Background:In clinical area, assessment of body fluid and determination of the intravascular volume after major surgeries such as heart surgery is a significant challenge. The initial purpose of intravascular volume assessment in patients with hemodynamic instability is to determine whether they would benefit from fluid administration or not.
Objectives:This study aims to compare pulse pressure variation (PPV) compared to thoracic fluid content in checking out and optimizing fluid volume in mechanically ventilated patients admitted to intensive care unit after cardiac surgery.
Methods:In the present study a prospective descriptive-analytic design was used. Thirty mechanically ventilated patients admitted to intensive care units of Rajaie heart center, Tehran, Iran, were recruited in the current study after cardiac surgery based on inclusion criteria. Data collection tools included demographic and clinical data sheets. Hemodynamic parameters such as CVP and pulse pressure were recorded by bedside monitoring. Thoracic fluid content (TFC) was measured by non-invasive continuous cardiac output monitoring (NICCOMO) system. Data were analyzed in SPSS version 15, using statistical tests.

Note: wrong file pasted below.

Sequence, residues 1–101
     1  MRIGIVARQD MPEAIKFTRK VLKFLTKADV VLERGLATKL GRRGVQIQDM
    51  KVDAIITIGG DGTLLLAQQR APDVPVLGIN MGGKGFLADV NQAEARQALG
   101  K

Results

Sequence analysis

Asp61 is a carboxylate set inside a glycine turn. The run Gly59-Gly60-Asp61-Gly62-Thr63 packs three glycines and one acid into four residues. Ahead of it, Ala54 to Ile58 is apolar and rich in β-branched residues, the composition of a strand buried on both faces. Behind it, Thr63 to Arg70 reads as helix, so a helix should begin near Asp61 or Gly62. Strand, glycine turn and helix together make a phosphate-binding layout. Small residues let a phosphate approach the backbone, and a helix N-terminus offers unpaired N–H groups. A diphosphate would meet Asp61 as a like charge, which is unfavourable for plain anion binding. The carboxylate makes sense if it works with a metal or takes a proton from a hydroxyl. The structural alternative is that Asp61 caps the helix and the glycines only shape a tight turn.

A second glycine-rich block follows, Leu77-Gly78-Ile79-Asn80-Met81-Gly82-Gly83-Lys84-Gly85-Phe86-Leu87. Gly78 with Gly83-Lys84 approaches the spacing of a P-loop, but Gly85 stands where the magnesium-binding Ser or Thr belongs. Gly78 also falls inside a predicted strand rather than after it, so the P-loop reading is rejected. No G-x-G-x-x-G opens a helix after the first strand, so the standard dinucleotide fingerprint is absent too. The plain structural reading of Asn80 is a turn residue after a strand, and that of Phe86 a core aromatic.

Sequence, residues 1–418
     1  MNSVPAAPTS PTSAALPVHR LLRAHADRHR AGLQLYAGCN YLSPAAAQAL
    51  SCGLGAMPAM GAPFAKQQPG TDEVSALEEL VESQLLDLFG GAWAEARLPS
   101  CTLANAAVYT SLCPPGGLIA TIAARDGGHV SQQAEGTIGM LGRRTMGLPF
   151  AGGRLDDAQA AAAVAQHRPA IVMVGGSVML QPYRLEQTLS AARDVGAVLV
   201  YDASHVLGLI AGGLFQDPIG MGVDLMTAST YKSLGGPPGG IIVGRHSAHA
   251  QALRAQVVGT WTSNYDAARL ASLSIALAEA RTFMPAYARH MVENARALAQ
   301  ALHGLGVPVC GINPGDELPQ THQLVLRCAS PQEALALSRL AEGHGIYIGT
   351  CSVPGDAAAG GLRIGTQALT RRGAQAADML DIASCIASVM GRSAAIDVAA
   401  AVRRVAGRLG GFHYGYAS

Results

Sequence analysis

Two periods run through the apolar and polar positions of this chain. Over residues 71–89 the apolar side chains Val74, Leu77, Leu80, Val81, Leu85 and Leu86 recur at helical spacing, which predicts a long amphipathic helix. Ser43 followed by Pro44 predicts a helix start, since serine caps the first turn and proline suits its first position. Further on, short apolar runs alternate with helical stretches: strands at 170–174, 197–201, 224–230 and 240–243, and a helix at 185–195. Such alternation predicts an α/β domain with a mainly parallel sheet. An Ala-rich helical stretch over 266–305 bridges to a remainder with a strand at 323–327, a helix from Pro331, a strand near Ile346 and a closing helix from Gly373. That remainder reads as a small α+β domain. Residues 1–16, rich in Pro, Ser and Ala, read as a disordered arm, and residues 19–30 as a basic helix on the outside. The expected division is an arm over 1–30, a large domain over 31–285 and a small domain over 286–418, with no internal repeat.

Results:The mean values of CVP, before and five minutes after fluid administration were significantly different (10.10 ± 6.01 mmHg and 12.37 ± 6.34 mmHg, respectively, P = 0.015). The mean changes in arterial pulse pressure, before and five minutes after fluid administration were significantly different (16.94 ± 8.32 mmHg and 12.77 ± 4.02 mmHg, respectively, P = 0.005). PPV greater than 13% had sensitivity, specificity and positive predictive value of 40%, 71% and 75% respectively while CVP greater than 5 mmHg had sensitivity, specificity and positive predictive of 13%, 85% and 66% respectively compared with cardiac index as the gold standard for fluid responsiveness. These findings suggest a higher diagnostic power of PPV compared to CVP to assess fluid volume.